|Aug. 4th, 2009 05:46 pm Montreal, Day 3 (with added random observations)|
We spent another day "playing tourist" in Montreal. A played a bit more than the rest of the family.
We got moving pretty well this morning, although I'm getting a bit tired of the breakfast at the Comfort Inn (the hard boiled eggs are somehow dry tasting and there are only so many slices of toast with peanut butter that I can eat). Our first stop was the Pointe-à-Callière, Musée d'archéologie et d'histoire de Montréal, built upon the ruins, and still active digs, of several old Montréal buildings -- including one of the previous Customs Houses. This very good and interesting museum does a very good job of explaining the history of Montréal.
Before the tour is a "movie" which is more of a multi-media presentation using several scrims, lighting effects and some actual parts of the exposed dig, to tell the history from before the first French settlement until the building of the museum in 1992, with emphasis on what happened at that point. After that, you tour the ruins of the buildings below the main museum, including the cemetery of the original colony, and the circa 1850 privy that occupies the same site.
You then cross under what is now a street, through the first enclosed sewer where there used to be a small river that joined the St. Lawrence forming Ponte-à-Callière, ending up in the ruins under the square outside of the customs house that preceded the one where the museum now stands.
In this section, I ended up quite a ways ahead of Tara and Derrick, who missed that I'd doubled back along the inside of the basically square exhibit (picture a square doughnut, with a bridge across the middle) and so they went and waited for me outside near the gift shop. We then returned to the main museum building, and went to the top of the observation tower and looked out, mostly across at îles Sainte-Hélène.
We finished the tour visiting their special exhibition on Pirates, Privateers and Freebooters. This was quite disappointing. Much of the problem (beyond the fact that I'm pretty fed up with the current trendiness of pirates) was that there were about twice as many people in that exhibit as the rest of the museum, and it takes up far less space. On top of that, many of the kids (and a few of the adults) were just stepping in front of people reading the displays, and I could hardly see any of the artifacts.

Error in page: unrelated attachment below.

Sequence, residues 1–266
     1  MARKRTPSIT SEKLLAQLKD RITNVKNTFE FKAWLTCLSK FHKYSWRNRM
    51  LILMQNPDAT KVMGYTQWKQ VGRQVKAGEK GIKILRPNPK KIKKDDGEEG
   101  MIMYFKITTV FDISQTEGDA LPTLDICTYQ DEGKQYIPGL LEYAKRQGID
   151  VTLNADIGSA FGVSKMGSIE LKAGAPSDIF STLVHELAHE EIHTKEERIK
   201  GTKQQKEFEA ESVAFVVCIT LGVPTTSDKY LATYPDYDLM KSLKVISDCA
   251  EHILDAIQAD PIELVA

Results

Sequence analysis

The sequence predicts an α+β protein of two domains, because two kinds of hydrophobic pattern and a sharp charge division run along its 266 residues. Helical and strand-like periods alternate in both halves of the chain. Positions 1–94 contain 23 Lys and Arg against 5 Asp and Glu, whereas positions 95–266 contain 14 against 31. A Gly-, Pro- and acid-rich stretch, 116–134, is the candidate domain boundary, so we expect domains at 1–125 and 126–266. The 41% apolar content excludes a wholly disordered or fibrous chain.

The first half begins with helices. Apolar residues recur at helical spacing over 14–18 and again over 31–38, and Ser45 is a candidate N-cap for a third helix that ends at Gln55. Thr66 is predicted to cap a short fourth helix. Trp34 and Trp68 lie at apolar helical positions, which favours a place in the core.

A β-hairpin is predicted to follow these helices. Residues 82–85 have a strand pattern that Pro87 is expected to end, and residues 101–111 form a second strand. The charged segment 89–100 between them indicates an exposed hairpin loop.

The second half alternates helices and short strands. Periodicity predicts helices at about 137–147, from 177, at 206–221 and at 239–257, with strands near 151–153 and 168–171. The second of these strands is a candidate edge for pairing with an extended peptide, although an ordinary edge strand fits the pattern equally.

After we left the museum, we wondered about Old Montréal looking for a less expensive place to eat. We finally found the Notre Dame Restaurant, on Notre Dame. Tara recalled it getting a positive review in the restaurant guide, so we gave it a try, and had good food. Derrick wasn't very impressed with the mustard on his hot dog, which was not American yellow mustard, but something more German or English.
After that, we headed towards the shopping complex that backs onto the Hotel Intercontinental, and were trying to decided where to go from there when Derrick started feeling bad. So, we headed back towards the Metro, stopping in the Palace to get our badges. When we got back, we quickly concluded that Derrick was probably both backed up and missing his grandparents after spending 6 weeks with them this summer. He was helped by spending some "quality time" and then talking to his grandparents on the phone.